Adaptability, it is one of the traits Managing Partner John Mcilwaine attests to. He sees
this reflected in Skope with its ability to adapt and change with the times and economic
circumstances. John should know, as he has ridden economic highs and lows and has
seen many changes in the construction industry in his time with Skope for more than
That’s resilience in the face of change or a Global Financial Crisis, Brexit and now COVID–19.
“I’ve been through three of these economic cycles, and obviously we are in one at the
moment, with COVID,” he says.
“I was around as an employee way back in the nineties when the economy hit the bottom,
I took over as Managing Partner in 2008 when we had a previous economic downturn.
“It is being able to ride the storm, being able to adapt both yourself and the business to suit
“Also being forward thinking and trying to consider how you adapt and develop a business
in changing circumstances.”
Both the construction industry and the world itself was a different place when John first
started with Skope, then called Bruce Shaw, but his approach to his work and his client
relationships has remained unchanged – he conducts business in person. This is his point of
difference, and the way he’s garnered respect from clients and colleagues alike.
“Modern technology is brilliant for speed of transmission or getting a message across, but it
doesn’t necessarily give you the speed of concluding something,” he says.
“A lot of clients will ask me to be part of their project teams, they want me to get involved and assist to close things out.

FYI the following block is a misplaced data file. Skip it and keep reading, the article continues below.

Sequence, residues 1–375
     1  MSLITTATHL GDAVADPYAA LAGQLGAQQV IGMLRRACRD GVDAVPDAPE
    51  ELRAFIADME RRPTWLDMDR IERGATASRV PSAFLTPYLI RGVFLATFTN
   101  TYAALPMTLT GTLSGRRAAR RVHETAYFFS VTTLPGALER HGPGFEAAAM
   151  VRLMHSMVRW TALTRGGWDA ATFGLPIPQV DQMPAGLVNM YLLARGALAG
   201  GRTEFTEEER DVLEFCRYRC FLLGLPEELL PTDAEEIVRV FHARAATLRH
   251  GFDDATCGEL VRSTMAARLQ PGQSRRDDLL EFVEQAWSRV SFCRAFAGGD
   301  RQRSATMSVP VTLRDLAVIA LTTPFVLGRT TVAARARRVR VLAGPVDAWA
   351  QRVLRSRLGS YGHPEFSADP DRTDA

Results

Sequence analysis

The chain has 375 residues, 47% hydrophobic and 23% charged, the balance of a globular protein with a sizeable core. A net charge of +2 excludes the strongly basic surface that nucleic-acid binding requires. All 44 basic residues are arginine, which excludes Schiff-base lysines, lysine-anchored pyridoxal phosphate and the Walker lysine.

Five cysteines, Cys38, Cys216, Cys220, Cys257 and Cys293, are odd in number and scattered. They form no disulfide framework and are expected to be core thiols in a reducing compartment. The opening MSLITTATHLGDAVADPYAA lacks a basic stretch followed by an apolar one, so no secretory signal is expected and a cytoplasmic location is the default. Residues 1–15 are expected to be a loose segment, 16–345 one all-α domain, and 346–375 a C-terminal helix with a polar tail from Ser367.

“You find things can drift if you totally rely on electronic communication, sometimes you
have to bring things to a head, you have to be able to negotiate, face–to–face.”
When John first started at Skope, he was able to learn from the consultancy’s founding
fathers, Peter Bruce and Roy Shaw. Both were experienced quantity surveyors, with a keen
interest to develop and grow the business – which they did. John was able to gain an insight
on how to run, grow and develop a business from both leaders – which he describes as
discipline and fairness.
It’s these attributes, along with his own brand of business acumen, that has seen John
become a Fellow of the Chartered Institute of Building. It’s the highest award offered by
“It is a recognition in the industry in general, that you’ve reached a certain level in your
career and the level of responsibility you have attained,” he says.
“Not everyone gets a fellowship so you’re recognised as one of the leaders in the industry. It comes with time, experience and capability.”
With a list of projects as long as his career, it’s hard for John to pick one particular highlight.
He recalls the delivery of ten Marks & Spencer stores throughout Ireland as one.
These projects spanned many years and saw John travel extensively around the country and
to M&S head office in London, answering directly to the company’s board.
Currently John is working on the development of Tribeca in Belfast’s city centre, a 200 million pound investment he believes will bring a new sense of vibrancy and long needed
regeneration to the city.
There’s comfort in the knowledge that Skope has the right people to carry the business forward, says John.
“Skope will continue and has all the tools, the people, the personalities and the expertise to keep that going,” he says.
“I’ve been involved in some challenging projects, when you look back you see what you’ve been able to achieve, and what you’ve been involved in, it is very satisfying.”